Rai returns to 'second home' targeting more Kenyan glory

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Returns to the scene of an emotional victory and one of his career highlights
Posted on
March 17, 2021
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Estimated reading time: 4 minutes

Rai returns to second home

Rai returns to second home targeting more Kenyan glory
(Getty Images)

Estimated reading time: 4 minutes

Aaron Rai returns to the scene of an emotional victory and one of his career highlights at this week's Magical Kenya Open presented by Johnnie Walker, an event which he won on the Challenge Tour in 2017 in front of his Kenyan-born mother and jubilant crowds.

The Englishman has a special connection to this week's venue Karen Country Club, where he triumphed four years ago.

It was his first of three Challenge Tour victories, and the win came on Mothers' Day as his own mother watched on proudly, having returned to her birthplace for the first time since leaving as a teenager. Additionally, Rai's sister now calls Karen, the neighbourhood in the outskirts of Nairobi which hosts this week's event, her home.

“It feels like a home away from home here, my mum was born here and my sister lives here in Karen now. It very much has a home feel for me, it's always going to be a special place with the memories I've had here down the years – I don't think that's something I'll ever forget so I think any time that I'm here to play golf or here full stop is a blessing."

"It was the first event of the season in 2017, I practiced well during the off-season and was playing well going into it, which was important. But it was key to get off to a good start, I think I was in the top three and close to the lead after the first couple of days and I stayed very calm and patient, and thought very well while I was playing."

While the crowds will not be there to support him this week, Rai is feeling confident that his connections to the club, and the country, can give him a timely boost.

"The support of the people that were there on Saturday and Sunday – I think they found out during the week that my mum was Kenyan and I was a fellow Kenyan and it was amazing the support that I had so it definitely played a role in the victory. It's just a shame that there won't be the same crowds here this week but it's just awesome that we're here and playing this week."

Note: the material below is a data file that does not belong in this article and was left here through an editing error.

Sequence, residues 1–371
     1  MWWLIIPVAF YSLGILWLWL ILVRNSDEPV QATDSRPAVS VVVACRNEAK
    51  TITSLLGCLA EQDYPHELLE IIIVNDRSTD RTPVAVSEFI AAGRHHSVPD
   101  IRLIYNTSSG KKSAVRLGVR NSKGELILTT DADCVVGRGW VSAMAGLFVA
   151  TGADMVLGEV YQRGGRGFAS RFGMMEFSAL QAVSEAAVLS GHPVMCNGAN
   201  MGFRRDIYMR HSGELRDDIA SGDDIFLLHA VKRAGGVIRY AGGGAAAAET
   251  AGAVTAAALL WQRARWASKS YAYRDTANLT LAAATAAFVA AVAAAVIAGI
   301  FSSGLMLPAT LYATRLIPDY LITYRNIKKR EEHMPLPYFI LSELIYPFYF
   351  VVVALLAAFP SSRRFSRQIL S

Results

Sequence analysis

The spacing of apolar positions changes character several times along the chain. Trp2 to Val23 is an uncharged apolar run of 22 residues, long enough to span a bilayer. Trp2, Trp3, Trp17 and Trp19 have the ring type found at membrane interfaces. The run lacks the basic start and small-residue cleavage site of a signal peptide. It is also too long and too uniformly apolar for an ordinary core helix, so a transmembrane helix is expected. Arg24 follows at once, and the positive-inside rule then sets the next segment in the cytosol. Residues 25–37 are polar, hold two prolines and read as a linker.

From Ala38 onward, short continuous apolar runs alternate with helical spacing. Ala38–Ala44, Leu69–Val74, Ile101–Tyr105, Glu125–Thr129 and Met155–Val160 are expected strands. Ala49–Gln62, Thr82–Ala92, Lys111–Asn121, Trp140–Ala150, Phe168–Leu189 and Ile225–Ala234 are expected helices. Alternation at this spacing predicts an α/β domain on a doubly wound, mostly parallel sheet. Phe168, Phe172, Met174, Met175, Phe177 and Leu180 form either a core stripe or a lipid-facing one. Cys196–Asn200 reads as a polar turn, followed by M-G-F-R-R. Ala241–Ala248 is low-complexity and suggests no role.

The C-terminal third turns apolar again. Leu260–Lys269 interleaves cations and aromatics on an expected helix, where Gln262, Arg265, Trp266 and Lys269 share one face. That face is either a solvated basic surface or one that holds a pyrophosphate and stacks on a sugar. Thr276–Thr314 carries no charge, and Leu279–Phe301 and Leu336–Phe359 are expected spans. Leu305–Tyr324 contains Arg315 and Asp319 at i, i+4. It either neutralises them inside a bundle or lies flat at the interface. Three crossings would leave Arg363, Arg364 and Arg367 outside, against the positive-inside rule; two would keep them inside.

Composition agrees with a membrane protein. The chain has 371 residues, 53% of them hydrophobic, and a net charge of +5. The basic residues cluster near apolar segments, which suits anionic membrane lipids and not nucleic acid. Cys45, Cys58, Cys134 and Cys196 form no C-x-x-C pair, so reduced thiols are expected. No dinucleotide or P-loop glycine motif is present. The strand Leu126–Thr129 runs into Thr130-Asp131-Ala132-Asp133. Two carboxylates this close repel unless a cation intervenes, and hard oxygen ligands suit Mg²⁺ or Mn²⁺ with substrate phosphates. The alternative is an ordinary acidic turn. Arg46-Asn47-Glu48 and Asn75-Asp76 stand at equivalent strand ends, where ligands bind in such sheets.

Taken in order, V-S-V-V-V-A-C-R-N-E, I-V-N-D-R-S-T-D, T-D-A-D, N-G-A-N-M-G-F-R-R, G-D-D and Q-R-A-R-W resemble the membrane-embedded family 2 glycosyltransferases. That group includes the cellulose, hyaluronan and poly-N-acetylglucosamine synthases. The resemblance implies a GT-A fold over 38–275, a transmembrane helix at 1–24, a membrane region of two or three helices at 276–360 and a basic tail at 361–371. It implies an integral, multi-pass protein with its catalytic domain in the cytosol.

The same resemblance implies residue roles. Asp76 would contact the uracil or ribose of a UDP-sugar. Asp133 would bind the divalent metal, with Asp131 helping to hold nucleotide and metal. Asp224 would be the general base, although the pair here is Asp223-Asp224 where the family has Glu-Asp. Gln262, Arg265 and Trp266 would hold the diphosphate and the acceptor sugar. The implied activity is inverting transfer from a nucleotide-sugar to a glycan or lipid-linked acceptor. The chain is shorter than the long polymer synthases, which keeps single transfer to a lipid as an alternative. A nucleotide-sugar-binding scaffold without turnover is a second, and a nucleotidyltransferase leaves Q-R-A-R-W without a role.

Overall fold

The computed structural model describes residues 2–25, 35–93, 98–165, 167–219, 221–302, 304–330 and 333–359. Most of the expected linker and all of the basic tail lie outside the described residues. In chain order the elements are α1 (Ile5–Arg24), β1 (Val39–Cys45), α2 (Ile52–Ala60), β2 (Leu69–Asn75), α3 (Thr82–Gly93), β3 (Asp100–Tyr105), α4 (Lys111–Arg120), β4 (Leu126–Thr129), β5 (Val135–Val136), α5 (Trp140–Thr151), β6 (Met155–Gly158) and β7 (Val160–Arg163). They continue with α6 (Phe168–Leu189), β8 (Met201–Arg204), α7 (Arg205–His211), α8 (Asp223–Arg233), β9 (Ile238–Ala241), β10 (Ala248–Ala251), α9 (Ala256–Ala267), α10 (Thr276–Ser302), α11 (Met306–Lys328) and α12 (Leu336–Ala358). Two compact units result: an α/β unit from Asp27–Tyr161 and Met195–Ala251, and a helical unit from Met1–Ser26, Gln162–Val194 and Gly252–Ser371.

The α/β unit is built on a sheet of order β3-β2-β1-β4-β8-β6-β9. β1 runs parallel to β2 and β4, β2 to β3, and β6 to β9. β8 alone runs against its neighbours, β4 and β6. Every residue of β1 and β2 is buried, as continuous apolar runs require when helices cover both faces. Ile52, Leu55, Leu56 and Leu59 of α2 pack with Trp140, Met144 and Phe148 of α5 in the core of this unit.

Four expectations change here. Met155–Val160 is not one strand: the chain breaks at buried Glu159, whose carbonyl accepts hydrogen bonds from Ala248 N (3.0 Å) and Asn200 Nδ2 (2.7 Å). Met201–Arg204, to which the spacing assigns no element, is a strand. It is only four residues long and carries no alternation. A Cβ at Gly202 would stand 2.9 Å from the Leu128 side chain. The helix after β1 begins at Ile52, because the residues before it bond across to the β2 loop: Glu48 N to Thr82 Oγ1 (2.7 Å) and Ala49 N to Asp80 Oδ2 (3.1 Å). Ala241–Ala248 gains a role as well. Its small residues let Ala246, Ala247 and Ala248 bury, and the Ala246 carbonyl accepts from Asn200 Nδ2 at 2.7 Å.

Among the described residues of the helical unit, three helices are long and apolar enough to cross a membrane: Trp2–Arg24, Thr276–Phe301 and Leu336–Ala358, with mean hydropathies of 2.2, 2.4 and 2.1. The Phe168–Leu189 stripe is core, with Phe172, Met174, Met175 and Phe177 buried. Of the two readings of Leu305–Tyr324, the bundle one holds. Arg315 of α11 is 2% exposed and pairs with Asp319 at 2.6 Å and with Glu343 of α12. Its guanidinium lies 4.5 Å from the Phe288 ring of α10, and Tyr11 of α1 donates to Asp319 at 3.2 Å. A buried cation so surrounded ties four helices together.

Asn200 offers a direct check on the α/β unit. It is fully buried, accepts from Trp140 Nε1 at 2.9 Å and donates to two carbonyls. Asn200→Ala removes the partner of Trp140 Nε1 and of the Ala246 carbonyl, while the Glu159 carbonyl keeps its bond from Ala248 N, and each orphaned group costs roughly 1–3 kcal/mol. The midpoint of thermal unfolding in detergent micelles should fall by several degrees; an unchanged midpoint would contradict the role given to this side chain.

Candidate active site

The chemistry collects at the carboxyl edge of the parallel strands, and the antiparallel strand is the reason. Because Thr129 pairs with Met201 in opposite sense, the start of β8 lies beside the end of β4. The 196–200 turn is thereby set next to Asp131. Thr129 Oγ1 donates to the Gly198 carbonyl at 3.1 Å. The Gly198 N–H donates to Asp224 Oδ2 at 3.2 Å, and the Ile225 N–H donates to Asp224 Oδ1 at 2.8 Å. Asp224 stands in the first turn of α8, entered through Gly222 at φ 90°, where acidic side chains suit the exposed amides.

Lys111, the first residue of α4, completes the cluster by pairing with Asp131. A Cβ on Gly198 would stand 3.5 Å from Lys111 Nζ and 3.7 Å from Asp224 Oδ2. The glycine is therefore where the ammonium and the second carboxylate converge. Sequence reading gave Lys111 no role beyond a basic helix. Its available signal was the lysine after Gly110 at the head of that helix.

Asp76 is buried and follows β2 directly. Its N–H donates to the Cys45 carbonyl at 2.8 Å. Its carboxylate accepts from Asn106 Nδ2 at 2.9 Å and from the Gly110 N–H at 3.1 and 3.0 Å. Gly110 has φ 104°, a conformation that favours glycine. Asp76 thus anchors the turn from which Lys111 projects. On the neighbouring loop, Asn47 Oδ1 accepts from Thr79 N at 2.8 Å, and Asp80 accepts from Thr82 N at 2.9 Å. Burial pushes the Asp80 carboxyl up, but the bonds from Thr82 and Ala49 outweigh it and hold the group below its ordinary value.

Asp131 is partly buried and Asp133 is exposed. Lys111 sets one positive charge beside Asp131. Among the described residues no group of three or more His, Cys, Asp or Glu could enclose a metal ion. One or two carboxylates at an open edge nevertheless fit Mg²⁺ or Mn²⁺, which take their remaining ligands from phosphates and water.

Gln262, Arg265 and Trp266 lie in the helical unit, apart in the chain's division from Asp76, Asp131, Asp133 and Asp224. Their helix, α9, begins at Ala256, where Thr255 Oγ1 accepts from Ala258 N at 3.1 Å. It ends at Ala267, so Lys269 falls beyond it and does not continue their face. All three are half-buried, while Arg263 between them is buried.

Guido Migliozzi of Italy defends his title this week, two years after winning his first of two titles in the 2019 season at Karen Country Club – the event was cancelled last year due to the COVID-19 pandemic.

“It's a good feeling (to be back), I have some great memories from this course," said Migliozzi. "As the tournament says, it's 'Magical' so it's very nice to be back."

"It was not over until the very end (in 2019) because there were four, five players, only one shot apart. The second shot on the 18th, the last hole, was incredible. It just went straight to the pin; it was so good. I was thinking I had to be aggressive - I have always been aggressive - and it went really well because I hit the pin and the pin position was tough. I was confident with myself and I had a good yardage so I just went for the pin."

"The golf course is great. I like it because it's tight and you have to shape the ball. You need to have really good control of your swing, of your ball. I really like it and it's a good test for everyone, with the altitude, and it's firm. It will be a great week for sure. If you hit the green you will 100 percent have a birdie chance so it's very nice and I'm sure everyone will enjoy the week."

Darren Fichardt will reach a notable milestone on his home continent as the South African makes his 400th European Tour event, while Englishman Sam Horsfield - a two-time winner in the 2020 Race to Dubai - returns to action for his first appearance of 2021 after an injury lay-off.

“It's awesome," said Fichardt. "I haven't been to Kenya, it's my first time. It's very African, when we got off the plane onto the bus, African music was playing. It's amazing and people here are so friendly, it feels awesome to be here."

"Golf course looks quite tight, looks like the greens are pretty small and quite slopey, so your iron play is going to be sharp and if you miss the green you're going to be using your lob wedge a lot – I don't think there will be too many bump and runs on these greens. The vegetation is quite dense so if you miss the fairways I think you're going to be in quite a lot of trouble."

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